How To Make An Indie Comic

I’ve read a lot of advice on making comics. I’ve spoken to several creators about making comics. I’ve bought various books on creative writing, I’ve even attended a writing course. I’ve thought about characters, sketched them in crude visualisations… crafted stories and concepts, and story arcs… but the best, and simplest advice about making your own comic?

Make your own comic.

I know that sounds like an over-simplification. It isn’t. If you want to make your own comic – get off your arse, and MAKE it. Don’t think about doing it. Do it.

If you’re hungry, you eat. You don’t think about eating, or procrastinate on it. You do it. If you’re tired, you sleep. If you want see your own story told, then TELL YOUR STORY.

There has never been a better time to affordably produce your own book. And if you’re not jazzed for actually physically printing the thing, again, it’s never been easier to produce your comic as a web-based effort.

Now yeah, you can’t just dive in and magic this thing out of thin air in one night. No, you’ll need to put in the graft for sure, but you need to organise your time and stick to the work.

First and foremost, you need to script it, or at the very least prepare your plot tightly. Few writers can just make up stuff as they go and have it resolve on the page into a fully realised, nuanced story (Simon Nye springs to mind). Write, rewrite, and rewrite. Allow yourself a few weeks to nail the story down, and then (and only then) start cracking on with the art.

The art will unquestionably be the hardest, most arduous and time consuming task. If your will and motivation to complete your comic isn’t totally destroyed at some point during the drawing process, then you’re probably doing it wrong. Assuming you’re doing a full 22-page story, allow yourself time to get the art done, but stay motivated, stay pushed. if you can get collaborators to help you, then all the better.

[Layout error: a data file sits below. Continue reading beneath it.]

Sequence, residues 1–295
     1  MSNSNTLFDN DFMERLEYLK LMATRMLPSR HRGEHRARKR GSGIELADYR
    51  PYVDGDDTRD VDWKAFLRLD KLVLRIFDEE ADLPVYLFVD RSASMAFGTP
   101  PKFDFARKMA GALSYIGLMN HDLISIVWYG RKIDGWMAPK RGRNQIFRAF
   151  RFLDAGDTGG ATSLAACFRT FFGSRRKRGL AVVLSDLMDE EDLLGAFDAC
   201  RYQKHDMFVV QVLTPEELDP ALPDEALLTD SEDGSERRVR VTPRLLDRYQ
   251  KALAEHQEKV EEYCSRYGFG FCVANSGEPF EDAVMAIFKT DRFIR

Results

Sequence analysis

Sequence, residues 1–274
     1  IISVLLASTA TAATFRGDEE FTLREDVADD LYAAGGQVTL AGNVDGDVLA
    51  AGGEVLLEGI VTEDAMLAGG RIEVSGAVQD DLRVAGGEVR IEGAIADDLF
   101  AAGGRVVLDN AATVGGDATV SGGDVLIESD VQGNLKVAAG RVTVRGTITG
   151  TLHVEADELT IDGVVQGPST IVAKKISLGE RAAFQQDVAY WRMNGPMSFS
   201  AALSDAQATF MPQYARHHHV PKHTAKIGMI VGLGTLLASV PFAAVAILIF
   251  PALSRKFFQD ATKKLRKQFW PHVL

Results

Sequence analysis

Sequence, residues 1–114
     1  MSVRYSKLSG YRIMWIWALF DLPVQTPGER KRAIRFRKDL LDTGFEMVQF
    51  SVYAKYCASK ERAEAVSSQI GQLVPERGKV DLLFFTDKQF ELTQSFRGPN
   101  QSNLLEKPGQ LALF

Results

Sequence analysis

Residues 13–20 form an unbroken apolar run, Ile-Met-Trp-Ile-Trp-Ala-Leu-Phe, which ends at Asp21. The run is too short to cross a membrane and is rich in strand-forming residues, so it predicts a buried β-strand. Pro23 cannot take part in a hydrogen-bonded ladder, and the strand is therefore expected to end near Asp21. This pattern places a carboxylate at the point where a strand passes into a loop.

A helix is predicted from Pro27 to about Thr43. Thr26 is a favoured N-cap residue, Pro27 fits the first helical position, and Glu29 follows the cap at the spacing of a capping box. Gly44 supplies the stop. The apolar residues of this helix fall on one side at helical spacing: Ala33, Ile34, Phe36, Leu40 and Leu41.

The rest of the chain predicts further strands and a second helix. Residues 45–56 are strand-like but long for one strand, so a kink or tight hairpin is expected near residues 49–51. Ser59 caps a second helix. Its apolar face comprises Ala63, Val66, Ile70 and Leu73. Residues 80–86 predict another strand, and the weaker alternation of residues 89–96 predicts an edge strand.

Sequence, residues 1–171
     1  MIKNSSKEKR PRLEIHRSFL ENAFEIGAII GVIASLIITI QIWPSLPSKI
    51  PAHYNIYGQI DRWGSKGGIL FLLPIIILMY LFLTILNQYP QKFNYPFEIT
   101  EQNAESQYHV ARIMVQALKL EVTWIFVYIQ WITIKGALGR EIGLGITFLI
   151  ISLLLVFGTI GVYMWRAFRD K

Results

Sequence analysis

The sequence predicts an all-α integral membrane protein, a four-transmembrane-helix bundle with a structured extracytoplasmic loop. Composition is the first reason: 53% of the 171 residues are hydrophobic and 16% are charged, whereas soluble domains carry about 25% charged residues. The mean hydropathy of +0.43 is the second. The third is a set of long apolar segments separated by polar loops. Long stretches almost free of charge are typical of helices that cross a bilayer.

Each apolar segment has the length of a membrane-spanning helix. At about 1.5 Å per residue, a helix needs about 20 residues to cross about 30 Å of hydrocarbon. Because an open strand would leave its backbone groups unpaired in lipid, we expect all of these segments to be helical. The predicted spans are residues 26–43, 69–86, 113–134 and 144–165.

Once you’ve got your art done, you have to decide if you’re going to colour it or stay grayscale. Grayscale can look fantastic and is cheaper to print – but your average Joe is more willing to give a colour comic a chance. If you’re going web, then it’s obviously more an aesthetic choice than a cost choice. Whatever you decide, maybe try and stagger this alongside the art. If you’re drawing and colouring solely, drawing a page, then colouring, then back to drawing will break things up and add variety to your workload.

You’ve written it. You’ve drawn it. Maybe you’ve coloured it. Next you need to letter it. Lettering is under-rated – don’t cheap out on this. Bad lettering can ruin a comic just as well as bad art or bad colouring – take your time with it, research lettering processes, or collaborate with someone to do the lettering for you.

Before you hit the print stage. Proof it. Check it for errors, then proof it again. Get others to check it, and then double check it. The proof it again. I guarantee you’ll find something every time.

If you’re printing your book, here’s where you decide how elaborate you’re going to go. You could print it at home and just photocopy all your copies – lo-fi look, but effective. But if you want to try and emulate the glossier big publishers efforts, there are print companies out there now who can achieve this with you for a fairly reasonable outlay. Research pagination software, layout your books, or work with the printer to do this for you (usually for an extra fee).

Once you’ve your book back from the printers, or you’ve uploaded it online, you need to get people to notice it. Promote it on Facebook or Twitter, hit message boards and forums, try and arrange for local comic stores to stock it, just publicise it and build that word of mouth.

And while you’re doing all that, start your work on the next issue. If you want your book to be successful, you need to make sure you release books at a regular schedule, and be consistent.

Sound like hard work? Yes. It’s very hard work, especially around family and day jobs. Sound costly? Can be. So you have to be passionate about telling your story, and you must want to get it out there no matter what. If you’re doing this for money… forget it. If you’re doing it as a portfolio piece, to show what you can do? Well, you’ll get some mileage out of it. But if you’re passionate about getting your story out there… then there’s nothing more gratifying.

And if you still want to make your own book after reading all the above? Then go. And. DO IT.

 

 

 

 

 

 

 

 

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